Ancient cultures covered their refuse with earth, creating small mounds known as talls, which became geographic indicators of past civilizations.
Like our predecessors, modern civilization geographically marks its existence with waste. Every three minutes, nearly 30,000,000 empty water bottles are dumped into landfills globally. The notion of ‘disposable’ is an integral component of a rapidly growing consumer culture. Resource intensive processes generate the temporary artifacts of everyday life, circulating briefly before being deposited in expansive, uninhabitable landscapes of the unwanted. Out of sight, out of mind: forgotten, ignored, disregarded.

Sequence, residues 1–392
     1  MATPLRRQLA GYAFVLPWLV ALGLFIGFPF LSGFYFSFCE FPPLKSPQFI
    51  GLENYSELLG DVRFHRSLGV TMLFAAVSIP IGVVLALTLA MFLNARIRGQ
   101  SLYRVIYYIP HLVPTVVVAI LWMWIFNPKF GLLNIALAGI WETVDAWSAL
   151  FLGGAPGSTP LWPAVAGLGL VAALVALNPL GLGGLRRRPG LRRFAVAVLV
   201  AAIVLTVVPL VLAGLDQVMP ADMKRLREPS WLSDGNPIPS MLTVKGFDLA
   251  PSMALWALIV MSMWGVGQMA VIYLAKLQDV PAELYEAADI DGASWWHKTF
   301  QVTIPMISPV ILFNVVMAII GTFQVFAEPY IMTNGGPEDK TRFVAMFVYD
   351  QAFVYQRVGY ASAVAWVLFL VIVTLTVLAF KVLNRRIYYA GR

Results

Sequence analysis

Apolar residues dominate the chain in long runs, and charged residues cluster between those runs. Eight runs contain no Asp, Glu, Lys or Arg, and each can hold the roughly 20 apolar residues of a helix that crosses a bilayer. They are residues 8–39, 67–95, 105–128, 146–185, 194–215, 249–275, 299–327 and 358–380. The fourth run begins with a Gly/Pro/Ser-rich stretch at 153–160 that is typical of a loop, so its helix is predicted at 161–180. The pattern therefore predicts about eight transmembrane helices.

Tall Haptesthai is composed of three cast, 10” x 10” plaster tablets. A Braille-like surface generated from landfill imagery beckons the observer to touch, invoking a connection between the observer and realm of disregarded artifacts. As the residue from human touch accumulates, the white surface darkens and the image becomes more visually apparent: a forgotten memory revived by tactile interaction. The work was exhibited in Silent Conversations at Tashkeel Gallery, Dubai, UAE.